Leeds is the UK’s “new creative hub”, according to an article released by The Drum in November. Even Channel 4 opted to relocate to Leeds, after a massive bidding war between the UK’s most livable and forward-thinking cities. As such, it’s unsurprising that arts are thriving across the city, with exhibitions and pop-ups fuelling artists and audiences alike.
From the city’s massive, established art spaces to smaller creative hubs, we’ve highlighted some of our favourite Leeds art spots below for your delight and delectation, including a handful of the must-see art locations in the city and beyond for exciting exhibitions, both permanent and temporary.
Yorkshire Sculpture International
This festival, taking place from 22nd June to 29th September 2019, is a bit of a cheat – it stretches across Leeds and Wakefield, and isn’t a permanent art gallery – but it’s one not to miss!
Free and open to everybody, these 100 days of art will include sculpture in all sorts of forms, from exciting and innovative new works to sculptures that form a part of world-class collections. Venues taking part include Leeds Art Gallery, The Hepworth Wakefield, Henry Moore Institute and Yorkshire Sculpture Park, but expect amazing new sculpture commissions to pop up in unexpected places all across Leeds and Wakefield!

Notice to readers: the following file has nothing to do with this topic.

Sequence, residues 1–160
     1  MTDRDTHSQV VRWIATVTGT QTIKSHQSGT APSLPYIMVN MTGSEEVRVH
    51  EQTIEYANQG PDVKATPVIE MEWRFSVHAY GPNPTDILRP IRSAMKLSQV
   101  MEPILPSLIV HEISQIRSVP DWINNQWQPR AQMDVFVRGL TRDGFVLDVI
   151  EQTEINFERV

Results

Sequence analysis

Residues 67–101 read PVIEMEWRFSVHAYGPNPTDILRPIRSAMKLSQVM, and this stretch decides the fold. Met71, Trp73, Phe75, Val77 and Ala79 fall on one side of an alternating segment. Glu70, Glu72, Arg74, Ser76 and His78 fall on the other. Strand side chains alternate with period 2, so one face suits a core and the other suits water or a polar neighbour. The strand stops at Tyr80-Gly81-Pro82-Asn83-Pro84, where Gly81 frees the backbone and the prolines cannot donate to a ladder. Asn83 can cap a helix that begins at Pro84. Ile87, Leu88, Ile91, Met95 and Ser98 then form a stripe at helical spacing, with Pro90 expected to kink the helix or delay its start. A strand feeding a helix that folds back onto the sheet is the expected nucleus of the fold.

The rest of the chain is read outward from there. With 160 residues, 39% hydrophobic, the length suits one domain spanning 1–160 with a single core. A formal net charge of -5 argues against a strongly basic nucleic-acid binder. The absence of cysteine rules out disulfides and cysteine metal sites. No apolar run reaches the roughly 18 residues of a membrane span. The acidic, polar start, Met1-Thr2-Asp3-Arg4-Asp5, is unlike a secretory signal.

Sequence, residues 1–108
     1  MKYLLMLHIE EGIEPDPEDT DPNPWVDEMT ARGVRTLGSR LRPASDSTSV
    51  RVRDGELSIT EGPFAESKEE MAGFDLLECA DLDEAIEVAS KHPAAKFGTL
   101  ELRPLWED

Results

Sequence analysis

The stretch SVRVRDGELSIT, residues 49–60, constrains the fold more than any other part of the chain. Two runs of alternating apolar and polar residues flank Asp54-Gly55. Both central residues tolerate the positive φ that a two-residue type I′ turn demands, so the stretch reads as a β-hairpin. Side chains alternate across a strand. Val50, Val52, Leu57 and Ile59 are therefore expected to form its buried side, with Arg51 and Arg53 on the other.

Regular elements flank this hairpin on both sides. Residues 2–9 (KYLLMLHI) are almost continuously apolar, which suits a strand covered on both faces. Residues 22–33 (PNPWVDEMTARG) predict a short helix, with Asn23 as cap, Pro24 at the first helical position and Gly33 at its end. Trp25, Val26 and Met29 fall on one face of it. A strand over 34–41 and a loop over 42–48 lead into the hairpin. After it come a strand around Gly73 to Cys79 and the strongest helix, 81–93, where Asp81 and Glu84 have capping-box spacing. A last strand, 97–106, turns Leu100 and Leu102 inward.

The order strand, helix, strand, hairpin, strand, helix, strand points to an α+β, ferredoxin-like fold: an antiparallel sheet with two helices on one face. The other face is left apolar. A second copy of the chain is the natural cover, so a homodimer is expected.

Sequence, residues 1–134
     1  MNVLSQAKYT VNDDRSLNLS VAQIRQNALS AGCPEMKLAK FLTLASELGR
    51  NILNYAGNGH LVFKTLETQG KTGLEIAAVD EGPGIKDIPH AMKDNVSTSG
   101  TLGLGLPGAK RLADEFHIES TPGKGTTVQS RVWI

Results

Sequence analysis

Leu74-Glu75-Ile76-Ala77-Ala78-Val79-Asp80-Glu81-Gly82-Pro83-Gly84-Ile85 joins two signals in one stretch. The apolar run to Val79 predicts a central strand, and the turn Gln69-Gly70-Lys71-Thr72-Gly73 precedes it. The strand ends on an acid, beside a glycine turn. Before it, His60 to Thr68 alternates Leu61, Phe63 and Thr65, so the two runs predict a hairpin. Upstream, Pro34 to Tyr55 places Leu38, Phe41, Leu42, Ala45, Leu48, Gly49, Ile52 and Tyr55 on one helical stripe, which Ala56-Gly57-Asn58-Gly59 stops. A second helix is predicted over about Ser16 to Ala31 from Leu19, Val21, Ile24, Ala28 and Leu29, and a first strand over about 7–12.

As well as opening our eyes to lots of new art, Yorkshire Sculpture International will include an extensive programme of collaborations with schools, universities, communities, and a professional development programme for artists based in the Yorkshire region.
The old Tetley Brewery was reincarnated five years ago from one of the North’s most famous breweries to a hub for contemporary art (as well as a venue space, and a fab bar and kitchen). The stunning Art Deco headquarters of the Tetley Brewery provide grand spaces for installations, as well as workshops and events. The exhibitions are always exciting and well-exhibited in the grand halls and smaller conference-type rooms of the Tetley building.
Stanley and Audrey Burton Gallery, Parkinson Building
Leeds University houses the Stanley and Audrey Burton Gallery (inside the iconic Parkinson Building, alongside the imposing Brotherton Library), which offers exhibitions based in the University Art Collection, as well as displaying amazing treasures from the Library’s Special Collections department.
The collection includes excellent examples of British and European painting, drawing and printwork stretching from the 17th century right up to the present day, alongside other, small collections of ceramics, sculpture, miniatures, and also photographs, all for free.
Alongside innovative courses held both at Beckett and the Arts University, Leeds is a creative hub of new artists, whose course work and first exhibitions regularly pop-up around campus, as well as more broadly across the city, so keep an eye out to catch a glimpse of the next ‘big thing’.
There are many reasons to visit the stunning Harewood House, a country estate just outside Leeds built between 1759 and 1771 for wealthy plantation owner Edwin Lascelles, First Baron of Harewood. But their art collection is definitely a solid one. From a Turner oil painting commissioned directly from the artist by his patron, Edward, Viscount Lascelles, in 1797, to a selection of Chippendale pieces and one of the finest examples of hand-painted Chinese wallpaper in the world, the house is sumptuously rich, aesthetically, and well worth a visit for the art alone.